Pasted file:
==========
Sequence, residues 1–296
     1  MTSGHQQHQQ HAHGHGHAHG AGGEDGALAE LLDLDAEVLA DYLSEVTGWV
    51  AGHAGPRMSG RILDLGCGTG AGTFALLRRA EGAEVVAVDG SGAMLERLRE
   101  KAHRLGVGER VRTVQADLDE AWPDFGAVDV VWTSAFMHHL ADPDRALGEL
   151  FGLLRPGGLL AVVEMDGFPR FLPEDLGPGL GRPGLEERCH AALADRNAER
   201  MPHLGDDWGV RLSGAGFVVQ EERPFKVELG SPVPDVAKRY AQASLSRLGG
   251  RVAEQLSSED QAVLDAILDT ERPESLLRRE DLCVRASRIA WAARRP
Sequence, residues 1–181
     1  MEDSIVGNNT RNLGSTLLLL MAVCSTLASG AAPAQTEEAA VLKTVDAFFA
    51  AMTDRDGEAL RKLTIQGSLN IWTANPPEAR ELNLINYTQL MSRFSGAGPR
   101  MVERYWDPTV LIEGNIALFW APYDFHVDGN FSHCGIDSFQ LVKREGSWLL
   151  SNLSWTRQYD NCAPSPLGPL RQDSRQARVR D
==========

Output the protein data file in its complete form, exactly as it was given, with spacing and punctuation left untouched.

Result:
Sequence, residues 1–296
     1  MTSGHQQHQQ HAHGHGHAHG AGGEDGALAE LLDLDAEVLA DYLSEVTGWV
    51  AGHAGPRMSG RILDLGCGTG AGTFALLRRA EGAEVVAVDG SGAMLERLRE
   101  KAHRLGVGER VRTVQADLDE AWPDFGAVDV VWTSAFMHHL ADPDRALGEL
   151  FGLLRPGGLL AVVEMDGFPR FLPEDLGPGL GRPGLEERCH AALADRNAER
   201  MPHLGDDWGV RLSGAGFVVQ EERPFKVELG SPVPDVAKRY AQASLSRLGG
   251  RVAEQLSSED QAVLDAILDT ERPESLLRRE DLCVRASRIA WAARRP
Sequence, residues 1–181
     1  MEDSIVGNNT RNLGSTLLLL MAVCSTLASG AAPAQTEEAA VLKTVDAFFA
    51  AMTDRDGEAL RKLTIQGSLN IWTANPPEAR ELNLINYTQL MSRFSGAGPR
   101  MVERYWDPTV LIEGNIALFW APYDFHVDGN FSHCGIDSFQ LVKREGSWLL
   151  SNLSWTRQYD NCAPSPLGPL RQDSRQARVR D